Standing under an array of solar panels outside a Columbia outfitters store Wednesday, Gov. Nikki Haley praised South Carolina’s recent efforts to make power from the sun easier for businesses, utilities and homeowners to utilize.
Then, she signed a bill loosening restrictions on solar energy that for years have made South Carolina one of the least friendly states in the country for sun power.
“What we had were a lot of barriers – barriers that stood in our way when it came to solar energy,” Haley told more than 50 environmentalists, utility representatives and solar energy company executives.
But Haley said interest groups figured a way to work out their differences and make the bill possible. The bill passed the Legislature overwhelmingly last spring after a major compromise was brokered earlier in the year.
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Before that, green groups and solar companies had been at odds with the state’s power companies, which feared sun power could eventually draw profits away from them. She praised Sen. Greg Gregory, R-Lancaster, for helping move the bill ahead.
Haley said expanding solar power in South Carolina will help diversify the mix of energy sources, while helping the Palmetto State catch up with North Carolina and Georgia in efforts to encourage sun-fired power.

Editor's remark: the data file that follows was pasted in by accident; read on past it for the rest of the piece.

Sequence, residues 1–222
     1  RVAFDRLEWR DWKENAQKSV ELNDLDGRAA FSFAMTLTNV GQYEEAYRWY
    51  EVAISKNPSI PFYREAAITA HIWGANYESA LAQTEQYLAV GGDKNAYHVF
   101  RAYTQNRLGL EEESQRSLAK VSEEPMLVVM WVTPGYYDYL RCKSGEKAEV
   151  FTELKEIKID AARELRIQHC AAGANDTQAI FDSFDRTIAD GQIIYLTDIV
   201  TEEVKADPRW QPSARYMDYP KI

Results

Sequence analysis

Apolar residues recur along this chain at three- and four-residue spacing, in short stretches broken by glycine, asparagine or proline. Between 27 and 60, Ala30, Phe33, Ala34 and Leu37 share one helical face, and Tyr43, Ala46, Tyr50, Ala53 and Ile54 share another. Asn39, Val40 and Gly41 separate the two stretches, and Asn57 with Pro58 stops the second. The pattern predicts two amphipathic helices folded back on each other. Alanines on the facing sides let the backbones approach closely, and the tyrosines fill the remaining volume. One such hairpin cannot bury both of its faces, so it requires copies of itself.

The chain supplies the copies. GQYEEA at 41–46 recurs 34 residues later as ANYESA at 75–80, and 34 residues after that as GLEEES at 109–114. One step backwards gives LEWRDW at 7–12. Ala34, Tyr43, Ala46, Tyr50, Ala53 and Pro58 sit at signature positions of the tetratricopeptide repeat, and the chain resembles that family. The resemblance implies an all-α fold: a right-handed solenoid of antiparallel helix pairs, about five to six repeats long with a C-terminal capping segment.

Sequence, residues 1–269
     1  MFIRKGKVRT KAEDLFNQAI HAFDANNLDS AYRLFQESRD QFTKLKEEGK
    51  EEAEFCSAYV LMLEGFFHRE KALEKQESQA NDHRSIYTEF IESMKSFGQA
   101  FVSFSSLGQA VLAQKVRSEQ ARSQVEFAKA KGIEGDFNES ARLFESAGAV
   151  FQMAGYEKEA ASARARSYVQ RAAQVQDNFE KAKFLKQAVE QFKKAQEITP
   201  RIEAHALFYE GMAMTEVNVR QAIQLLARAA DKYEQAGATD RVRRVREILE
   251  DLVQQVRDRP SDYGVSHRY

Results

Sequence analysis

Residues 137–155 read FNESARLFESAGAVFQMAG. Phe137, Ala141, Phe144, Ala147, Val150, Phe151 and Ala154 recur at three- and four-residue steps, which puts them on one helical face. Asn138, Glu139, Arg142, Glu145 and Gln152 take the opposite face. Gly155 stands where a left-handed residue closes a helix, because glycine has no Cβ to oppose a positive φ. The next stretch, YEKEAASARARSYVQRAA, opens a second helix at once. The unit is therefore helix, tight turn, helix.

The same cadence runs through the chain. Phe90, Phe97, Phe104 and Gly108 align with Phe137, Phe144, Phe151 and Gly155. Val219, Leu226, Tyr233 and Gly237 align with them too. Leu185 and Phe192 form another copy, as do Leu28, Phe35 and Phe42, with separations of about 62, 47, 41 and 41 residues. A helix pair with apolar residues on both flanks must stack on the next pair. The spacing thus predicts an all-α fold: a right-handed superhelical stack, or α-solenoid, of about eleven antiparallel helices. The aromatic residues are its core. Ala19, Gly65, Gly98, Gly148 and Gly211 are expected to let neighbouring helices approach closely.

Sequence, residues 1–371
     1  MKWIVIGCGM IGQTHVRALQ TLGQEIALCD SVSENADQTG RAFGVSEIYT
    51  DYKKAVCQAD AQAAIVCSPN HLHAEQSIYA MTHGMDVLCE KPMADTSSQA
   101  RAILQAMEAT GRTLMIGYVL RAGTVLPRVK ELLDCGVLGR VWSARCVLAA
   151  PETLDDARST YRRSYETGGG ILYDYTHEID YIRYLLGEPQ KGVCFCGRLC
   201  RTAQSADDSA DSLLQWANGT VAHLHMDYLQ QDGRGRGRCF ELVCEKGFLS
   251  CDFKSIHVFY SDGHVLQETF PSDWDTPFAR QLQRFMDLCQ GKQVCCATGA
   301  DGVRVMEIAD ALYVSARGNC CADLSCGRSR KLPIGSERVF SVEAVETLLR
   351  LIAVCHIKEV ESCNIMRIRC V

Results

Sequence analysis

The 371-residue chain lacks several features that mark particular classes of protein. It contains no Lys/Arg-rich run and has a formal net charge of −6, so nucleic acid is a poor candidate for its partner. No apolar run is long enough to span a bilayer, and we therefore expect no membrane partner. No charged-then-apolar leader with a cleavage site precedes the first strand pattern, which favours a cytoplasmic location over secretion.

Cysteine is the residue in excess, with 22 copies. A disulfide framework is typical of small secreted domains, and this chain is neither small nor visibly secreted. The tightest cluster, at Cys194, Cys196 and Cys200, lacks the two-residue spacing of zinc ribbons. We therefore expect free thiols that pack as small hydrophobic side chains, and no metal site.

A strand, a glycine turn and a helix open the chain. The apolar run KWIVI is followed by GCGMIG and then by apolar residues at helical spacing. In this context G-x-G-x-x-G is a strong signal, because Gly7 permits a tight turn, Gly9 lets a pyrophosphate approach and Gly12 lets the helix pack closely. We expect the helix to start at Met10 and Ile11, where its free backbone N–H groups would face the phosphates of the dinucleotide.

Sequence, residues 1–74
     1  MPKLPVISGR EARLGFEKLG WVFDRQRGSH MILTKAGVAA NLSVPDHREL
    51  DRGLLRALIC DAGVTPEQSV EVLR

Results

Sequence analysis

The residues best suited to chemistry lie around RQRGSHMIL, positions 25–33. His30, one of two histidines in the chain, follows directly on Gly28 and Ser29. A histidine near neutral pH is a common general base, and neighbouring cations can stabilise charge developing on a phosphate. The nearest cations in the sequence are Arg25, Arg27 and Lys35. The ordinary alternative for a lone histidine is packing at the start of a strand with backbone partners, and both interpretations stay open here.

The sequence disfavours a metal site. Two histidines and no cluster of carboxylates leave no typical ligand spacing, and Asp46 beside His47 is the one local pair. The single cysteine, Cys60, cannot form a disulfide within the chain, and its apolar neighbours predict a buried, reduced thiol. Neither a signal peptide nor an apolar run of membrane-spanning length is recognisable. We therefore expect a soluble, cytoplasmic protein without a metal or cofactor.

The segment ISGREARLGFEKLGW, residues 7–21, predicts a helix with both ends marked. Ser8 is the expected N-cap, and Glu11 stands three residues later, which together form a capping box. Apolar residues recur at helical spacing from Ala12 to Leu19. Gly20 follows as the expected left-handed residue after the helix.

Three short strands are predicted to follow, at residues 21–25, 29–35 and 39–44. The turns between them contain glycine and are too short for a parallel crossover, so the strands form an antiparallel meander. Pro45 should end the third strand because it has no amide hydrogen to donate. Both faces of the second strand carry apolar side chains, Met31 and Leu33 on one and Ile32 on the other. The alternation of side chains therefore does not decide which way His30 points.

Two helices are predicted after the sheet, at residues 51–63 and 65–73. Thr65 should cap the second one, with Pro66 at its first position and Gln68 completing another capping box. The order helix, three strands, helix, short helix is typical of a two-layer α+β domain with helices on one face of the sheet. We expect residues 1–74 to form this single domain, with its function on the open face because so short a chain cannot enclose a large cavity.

“When you look at North Carolina and you look at Georgia, they’ve been doing pretty well when it comes to solar energy – and they don’t have any more sun than we do,” the governor said during the event at Half Moon Outfitters, which installed a “solar tree” several years ago to help power the business.
Wednesday’s signing was ceremonial only. She signed the bill earlier this summer. But Haley’s support for solar power is notable.
Only in the past two years, as The State newspaper and other news outlets began reporting on South Carolina’s restrictive rules for alternative energy, have attitudes toward solar changed among policymakers in the Palmetto State.
Haley’s support for sun power also is significant because the governor has been criticized by conservation groups for failing to pay attention to environmental issues, and at times, blasting federal environmental regulations. Two months ago, Haley criticized federal carbon rules proposed by the U.S. Environmental Protection Agency to address climate change.
On Wednesday, some of the same environmentalists who support her opponent in the fall race for governor – Democratic Sen. Vincent Sheheen – were on hand to applaud Haley’s stance on solar energy. Sheheen, a Camden lawyer, has been an outspoken proponent of alternate forms of energy. Solar power is viewed as a green alternative form of energy that does not create toxic waste like that produced by nuclear power plants or air pollution like that generated at coal plants.